Were I an owner of National City (NYSE:NCC), I'd be a bit concerned. After all, the basic underpinning of banking is to borrow low and lend high, right? Well, how do you reconcile that with the company's decision to purchase Harbor Florida (NASDAQ:HARB) at a time when valuations are pretty healthy and everybody wants into the Florida market, and to possibly sell their subprime mortgage business at a time when nobody wants to touch that kind of lending?

Then again, I can appreciate the drive to do something to improve results. Once again, National City didn't post a particularly strong quarter, though you can certainly argue that reported results don't tell the whole story, at least at first glance.

Net interest income (after provisions) was down about 3%, and that's not great. On the other hand, the erosion in net interest margin was all but minimal. Turning to non-interest income, results look bad (down 20%), but hedging losses relating to the bank's mortgage servicing rights caused a fair bit of that. Basic deposit and banking fees were actually up 15%, and that's pretty good.

There's a similar give-and-take on the balance sheet. Average loan balances were down 3%, but commercial lending was up about 6%. And though core deposit growth of less than 3% was pretty soft, the bank also relied less upon brokered deposits, and that's a positive.

I still really don't see a compelling reason to throw in with National City today. If you want a high-yielding Midwestern bank, why not invest in U.S. Bancorp (NYSE:USB)? If you want to play a turnaround/improvement idea, how about FifthThird (NASDAQ:FITB)? And what, too, of very different options like Citigroup (NYSE:C), Lloyds (NYSE:LYG), or Kookmin (NYSE:KB)?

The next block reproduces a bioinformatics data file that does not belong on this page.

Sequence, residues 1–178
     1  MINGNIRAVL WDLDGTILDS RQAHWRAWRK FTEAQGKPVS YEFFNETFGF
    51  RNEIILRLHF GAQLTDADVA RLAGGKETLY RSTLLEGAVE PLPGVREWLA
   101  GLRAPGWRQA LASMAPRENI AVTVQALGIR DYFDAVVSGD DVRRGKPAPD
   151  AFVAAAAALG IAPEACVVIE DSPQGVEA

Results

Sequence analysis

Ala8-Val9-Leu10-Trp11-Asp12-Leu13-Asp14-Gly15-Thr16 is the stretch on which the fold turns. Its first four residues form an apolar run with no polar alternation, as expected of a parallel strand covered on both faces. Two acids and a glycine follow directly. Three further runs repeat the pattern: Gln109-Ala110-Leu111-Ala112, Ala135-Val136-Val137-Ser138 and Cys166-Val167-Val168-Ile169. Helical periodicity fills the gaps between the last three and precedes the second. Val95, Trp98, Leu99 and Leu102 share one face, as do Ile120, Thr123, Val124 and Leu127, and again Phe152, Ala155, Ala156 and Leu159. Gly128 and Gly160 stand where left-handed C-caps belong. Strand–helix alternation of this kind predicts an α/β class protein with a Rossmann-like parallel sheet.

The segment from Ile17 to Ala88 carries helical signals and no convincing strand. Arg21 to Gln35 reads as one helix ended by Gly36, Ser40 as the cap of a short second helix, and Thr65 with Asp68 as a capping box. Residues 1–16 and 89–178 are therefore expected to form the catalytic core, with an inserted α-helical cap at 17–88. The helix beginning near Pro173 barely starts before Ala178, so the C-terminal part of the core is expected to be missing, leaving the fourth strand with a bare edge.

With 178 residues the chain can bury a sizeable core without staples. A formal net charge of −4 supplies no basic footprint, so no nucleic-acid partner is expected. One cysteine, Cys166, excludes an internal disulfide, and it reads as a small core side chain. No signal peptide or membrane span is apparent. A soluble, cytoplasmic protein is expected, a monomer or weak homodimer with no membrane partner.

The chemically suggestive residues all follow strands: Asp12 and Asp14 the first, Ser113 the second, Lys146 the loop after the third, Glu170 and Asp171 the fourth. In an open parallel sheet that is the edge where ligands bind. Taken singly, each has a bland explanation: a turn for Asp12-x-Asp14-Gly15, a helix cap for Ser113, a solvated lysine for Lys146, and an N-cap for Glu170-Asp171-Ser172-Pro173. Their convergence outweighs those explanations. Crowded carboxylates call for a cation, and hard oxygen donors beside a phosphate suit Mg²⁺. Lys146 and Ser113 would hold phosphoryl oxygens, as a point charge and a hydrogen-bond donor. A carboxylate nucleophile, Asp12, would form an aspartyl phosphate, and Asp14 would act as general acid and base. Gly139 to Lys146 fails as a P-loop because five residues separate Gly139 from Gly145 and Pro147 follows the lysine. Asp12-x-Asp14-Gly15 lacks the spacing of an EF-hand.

My point isn't necessarily that all or any of those banks will outperform, though I think some of them will. Instead, I'd simply argue that with such a wealth of options out there in the banking space, investors should make sure they're really buying shares of the bank(s) that they think are poised to do the best over their time horizon.

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National City and U.S. Bancorp are Motley Fool Income Investor recommendations. Lloyds is an Inside Value recommendation. Speed up your path to investing excellence with ourFoolish newsletters. You can try on any of our market-beating servicesfree for 30 days.

Fool contributor Stephen Simpson has no financial interest in any stocks mentioned (that means he's neither long nor short the shares).